Remove the existing material from the trim pieces, this wasn’t too difficult on mine as it was held on with double sided tape (and this car cost £28K new……)

If a sunroof is fitted this will need removing. To remove mine a tilt only version, I first took out the glass panel and then removed the rubber-retaining band in the lower section. This allowed the fabric covering to drop and expose the retaining screws. With these removed the outer roof section lifted off while the inner half is removed through the passenger compartment.

Remove old fabric from the roof. Be careful not to tear the foil that is an earth for the aerial. For the b pillars, remove the fabric carefully around the join with the leather trim. A sharp blade or modelling knife may be needed, again being carefully with the leather. The rear roof section fell away from mine.

Ensure the surface is the cleared of any loose bits of fabric or backing foam that could cause lumps under the new material.

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Fitting the new material

It is very important not to press too firmly on the material as it is offered up to glued surfaces. This could lead to adhesive soaking through on damaging the appearance of the new head lining.

I did the sections removed from the car first. On all sections the material was glued in place.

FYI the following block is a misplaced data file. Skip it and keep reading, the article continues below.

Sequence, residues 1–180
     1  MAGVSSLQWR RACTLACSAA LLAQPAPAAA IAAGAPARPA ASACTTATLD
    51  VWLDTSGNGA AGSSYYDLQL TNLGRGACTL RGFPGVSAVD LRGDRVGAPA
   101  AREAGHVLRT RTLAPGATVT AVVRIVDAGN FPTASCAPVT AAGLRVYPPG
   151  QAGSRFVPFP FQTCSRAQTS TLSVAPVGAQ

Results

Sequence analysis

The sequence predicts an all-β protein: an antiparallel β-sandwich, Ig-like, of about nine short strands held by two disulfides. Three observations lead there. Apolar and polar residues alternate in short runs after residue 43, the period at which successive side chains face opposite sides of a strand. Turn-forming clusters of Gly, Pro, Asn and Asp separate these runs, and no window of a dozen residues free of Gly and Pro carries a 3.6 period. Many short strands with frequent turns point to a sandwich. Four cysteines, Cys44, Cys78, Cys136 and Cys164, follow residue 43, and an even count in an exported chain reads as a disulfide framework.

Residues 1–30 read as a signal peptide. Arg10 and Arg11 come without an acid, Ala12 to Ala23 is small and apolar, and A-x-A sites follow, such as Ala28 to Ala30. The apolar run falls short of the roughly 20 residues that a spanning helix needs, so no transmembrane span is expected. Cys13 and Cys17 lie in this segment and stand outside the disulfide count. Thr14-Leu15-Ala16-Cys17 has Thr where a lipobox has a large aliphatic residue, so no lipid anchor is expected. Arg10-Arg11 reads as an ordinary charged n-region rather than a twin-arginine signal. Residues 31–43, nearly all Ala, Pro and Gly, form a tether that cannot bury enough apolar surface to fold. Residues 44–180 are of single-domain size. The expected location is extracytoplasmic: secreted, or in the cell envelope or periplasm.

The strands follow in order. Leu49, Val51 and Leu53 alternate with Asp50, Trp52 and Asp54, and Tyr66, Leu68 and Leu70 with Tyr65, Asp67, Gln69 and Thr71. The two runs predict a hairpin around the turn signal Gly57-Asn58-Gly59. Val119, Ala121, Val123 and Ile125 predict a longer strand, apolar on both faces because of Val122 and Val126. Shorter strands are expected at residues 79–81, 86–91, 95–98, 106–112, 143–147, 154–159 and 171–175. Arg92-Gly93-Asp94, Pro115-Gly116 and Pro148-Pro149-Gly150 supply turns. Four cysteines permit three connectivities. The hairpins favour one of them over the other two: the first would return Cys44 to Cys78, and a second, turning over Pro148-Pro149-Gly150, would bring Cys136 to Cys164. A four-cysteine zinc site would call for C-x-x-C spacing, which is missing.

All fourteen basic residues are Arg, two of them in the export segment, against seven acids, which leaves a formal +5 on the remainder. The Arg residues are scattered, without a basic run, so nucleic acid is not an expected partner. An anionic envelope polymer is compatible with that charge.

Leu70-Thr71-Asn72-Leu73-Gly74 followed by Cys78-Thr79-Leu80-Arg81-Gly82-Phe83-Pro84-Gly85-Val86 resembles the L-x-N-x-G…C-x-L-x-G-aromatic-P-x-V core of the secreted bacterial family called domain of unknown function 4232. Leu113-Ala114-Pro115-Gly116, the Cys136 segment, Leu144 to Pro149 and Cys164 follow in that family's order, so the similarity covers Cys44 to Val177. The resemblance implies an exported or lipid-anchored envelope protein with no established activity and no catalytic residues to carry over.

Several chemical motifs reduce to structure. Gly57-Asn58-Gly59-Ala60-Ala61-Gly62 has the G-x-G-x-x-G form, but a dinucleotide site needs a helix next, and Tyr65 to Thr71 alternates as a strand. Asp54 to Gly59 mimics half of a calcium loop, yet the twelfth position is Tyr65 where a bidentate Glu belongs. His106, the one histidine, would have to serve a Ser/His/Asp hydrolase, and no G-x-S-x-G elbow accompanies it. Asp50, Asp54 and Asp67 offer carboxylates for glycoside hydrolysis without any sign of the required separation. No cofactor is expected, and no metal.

Lay the fabric over the section, or gently lay the section onto the fabric. Cut larger pieces than required to allow the material to wrap around the edges.

The front and role bar sections I covered in a single piece, each. There a 4 mesh grill that I glue back in place on the role bar cover. These were given coat of black paint prior to refitting.

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The rear cant rails required two pieces each. One for the box section to the parcel shelf, the other on the long run above the rear side windows. At the edges where they meet I ran the square piece from the box section a few mm down the window length. The long length was then rolled under itself a little at the join. The provided as clean edge.

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Once you are happy with the fit of the material, apply adhesive to the fibreglass formers. Allow to become tacky, as directed on tin, and then very gently lay the material over the former. Do not allow to crease, gently pulling and moulding into the shapes of the formers.

Once dry mark the holes for the sun visors, rear view mirror etc. This will make them much easier to identify in the refitting process.